JT LeRoy was a teenage hustler who emerged from a childhood of abuse, drug addiction and homelessness to write about his harrowing experiences and become a literary sensation as taken up by Madonna, Bono, Winona Ryder, Carrie Fisher, Courtney Love, Lou Reed and Gus Van Sant, among many others. His back story was shocking — raped at five; pimped out by his prostitute mother at truck stops; HIV-positive; heroin-addicted …sit on that, Angela’s Ashes! — but the biggest shock, when it arrived? He did not exist. JT, it turned out, had been confected by Laura Albert, a 35-year-old woman from Brooklyn. This is Laura’s version of events, and whether you’ve heard of JT or not — I hadn’t, I confess — it’s a gripping account of psychological disturbance, fake authorship, and how impossible it is to get Courtney Love off the phone: ‘There’s a small line of coke here and I don’t want to put you on hold,’ she says, mid-conversation. Next, a mighty snorting sound. Nice.
This documentary by Jeff Feuerzeig employs old footage, new footage, animation, Laura’s phone conversations, which she seems to have always recorded, but mostly it’s Laura talking to camera, saying her piece, telling her story. And to describe her story as ‘multilayered’ doesn’t do it justice. This isn’t the peeling back of an onion; it’s the peeling back of a whole sack of onions. You peel one onion and then another rolls towards you. There is no shortage of onions.
As she tells it, rivetingly — whatever else, you can’t deny her articulacy — she was living in San Francisco with her soon-to-be-husband, Geoff, and earning money via phone sex when, feeling suicidal, she called a crisis hotline. And the moment someone answered she became JT, a 13-year-old boy from the south who liked to dress as a girl and had been through hell. There he was, fully formed, she says. He was not premeditated, she insists. He was not ‘a hoax’. He was part of her psyche. The therapist on call that day, Dr Terrence Owens, who continued to counsel JT by phone for years, told JT to write down his experiences, as it would be therapeutic. So JT wrote, and faxed to Owens who, in turn, showed a publisher. The first book, Sarah, which, to be fair, was listed as ‘fiction’ even though everyone took it to be a memoir, was published in 2000 and was hailed as ‘a dazzling debut’, by which time JT had taken to appearing in public. That is, Laura’s sister-in-law Savannah had taken to appearing as JT in public. Her breasts were bound and she wore a blond wig and big glasses (she looked like a squashed, effeminate Bernie Ecclestone) and was extremely shy — she’d give readings from under a table — but everyone bought it. A second book followed, which was adapted into a film, and also a third book. They were all acclaimed.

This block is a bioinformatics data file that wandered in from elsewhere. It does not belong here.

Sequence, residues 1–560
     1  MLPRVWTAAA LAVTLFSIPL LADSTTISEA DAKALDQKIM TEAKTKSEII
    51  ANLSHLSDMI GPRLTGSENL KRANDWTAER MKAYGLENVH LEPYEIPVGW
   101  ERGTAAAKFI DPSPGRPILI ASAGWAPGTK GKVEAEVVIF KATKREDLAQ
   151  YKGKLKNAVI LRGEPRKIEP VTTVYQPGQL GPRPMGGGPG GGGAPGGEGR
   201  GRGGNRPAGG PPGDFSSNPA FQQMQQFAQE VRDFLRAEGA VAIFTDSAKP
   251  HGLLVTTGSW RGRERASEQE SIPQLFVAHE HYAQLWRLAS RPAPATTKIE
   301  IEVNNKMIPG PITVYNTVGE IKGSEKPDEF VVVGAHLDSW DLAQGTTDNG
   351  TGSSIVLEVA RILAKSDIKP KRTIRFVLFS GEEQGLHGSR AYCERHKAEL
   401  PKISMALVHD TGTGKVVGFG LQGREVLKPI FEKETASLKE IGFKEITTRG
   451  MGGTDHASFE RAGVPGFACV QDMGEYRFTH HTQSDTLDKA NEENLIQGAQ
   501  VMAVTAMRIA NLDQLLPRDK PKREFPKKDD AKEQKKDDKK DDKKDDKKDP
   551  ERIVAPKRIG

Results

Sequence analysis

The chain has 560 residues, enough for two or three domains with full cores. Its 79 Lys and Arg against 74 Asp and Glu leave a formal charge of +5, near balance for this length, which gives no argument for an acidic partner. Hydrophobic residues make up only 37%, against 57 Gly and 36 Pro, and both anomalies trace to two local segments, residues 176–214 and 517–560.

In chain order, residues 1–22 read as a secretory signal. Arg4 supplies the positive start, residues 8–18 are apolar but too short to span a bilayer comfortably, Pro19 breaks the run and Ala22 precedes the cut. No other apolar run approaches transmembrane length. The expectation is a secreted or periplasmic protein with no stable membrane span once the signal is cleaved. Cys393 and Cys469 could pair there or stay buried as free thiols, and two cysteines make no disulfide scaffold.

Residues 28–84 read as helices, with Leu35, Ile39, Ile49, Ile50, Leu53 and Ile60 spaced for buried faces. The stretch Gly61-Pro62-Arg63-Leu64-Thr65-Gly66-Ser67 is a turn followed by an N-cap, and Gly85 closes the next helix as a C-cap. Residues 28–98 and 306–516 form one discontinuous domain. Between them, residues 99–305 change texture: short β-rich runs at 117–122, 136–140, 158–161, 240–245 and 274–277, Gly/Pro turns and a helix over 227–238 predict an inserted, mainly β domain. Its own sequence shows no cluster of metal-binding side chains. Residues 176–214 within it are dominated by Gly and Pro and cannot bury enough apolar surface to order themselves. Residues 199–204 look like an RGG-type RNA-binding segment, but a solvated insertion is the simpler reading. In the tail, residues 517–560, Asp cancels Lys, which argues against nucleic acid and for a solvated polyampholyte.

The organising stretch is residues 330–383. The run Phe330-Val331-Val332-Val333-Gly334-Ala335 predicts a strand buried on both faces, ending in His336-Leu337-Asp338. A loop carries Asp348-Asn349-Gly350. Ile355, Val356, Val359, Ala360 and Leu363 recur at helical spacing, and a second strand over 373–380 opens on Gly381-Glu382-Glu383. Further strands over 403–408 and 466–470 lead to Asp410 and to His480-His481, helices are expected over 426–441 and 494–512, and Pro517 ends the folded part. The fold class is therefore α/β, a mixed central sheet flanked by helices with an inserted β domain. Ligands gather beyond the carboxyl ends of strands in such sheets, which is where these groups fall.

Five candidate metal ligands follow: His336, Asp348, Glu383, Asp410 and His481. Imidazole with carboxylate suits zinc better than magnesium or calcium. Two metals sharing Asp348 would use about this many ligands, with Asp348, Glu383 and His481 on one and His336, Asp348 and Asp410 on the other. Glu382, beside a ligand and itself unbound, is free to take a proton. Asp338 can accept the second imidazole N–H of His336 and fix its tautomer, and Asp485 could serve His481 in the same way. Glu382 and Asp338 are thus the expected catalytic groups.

Meanwhile, Laura and Geoff presented themselves as ‘Speedie’ and ‘Astor’, JT’s assistants, or sometimes Laura was ‘Emily’, JT’s social worker, and also a singer. (Many, many onions, like I said.) The celebrities truck up. Winona gushes about having known JT ‘for many, many years’. (Ha!) Madonna sends gifts. Courtney snorts. Bono gives JT ‘the Bono Talk’, which, apparently, is the sign you’ve truly been ‘ushered through the celebrity portal’ and appears to consist of: ‘Be who you are.’ (Ha!) Laura relates her own sad story, which involves being molested by her mother’s boyfriends, and fat-shamed at school, and abandoned at mental institutions but, having already proved herself an unreliable narrator, and having already milked the whole abuse scenario, it’s quite hard to feel sympathy for her.
That said, she doesn’t ask for sympathy; not now, and she didn’t when it all came crashing down with her exposure in 2006. She is not contrite. JT was not a fib. He was an ‘avatar’ and many authors have written under pseudonyms down the ages. This is true enough. No one ripped up Middlemarch and pissed all over Mary Ann Evans when it transpired that ‘George Eliot’ didn’t exist. But, when it comes to personal experience, readers have a right to know what they are reading and who they are being asked to believe in. That’s my view, but it isn’t a view that is ever put to her.
In allowing few other voices aside from Laura’s, many questions do go unasked. What’s happened to her family? I wanted to know. Her sister? Her son? What did Geoff think of JT? Her publishers? Why did she always record her phone conversations? How come Dr Owens was prepared to treat JT as a patient without ever seeing him? Also, Laura’s obviously undergone extensive plastic surgery and now looks like a wonky Cher tribute act. What’s that all about? We’ll never know.
But it’s engrossing otherwise, and also educative. And if Courtney calls, please say I am out…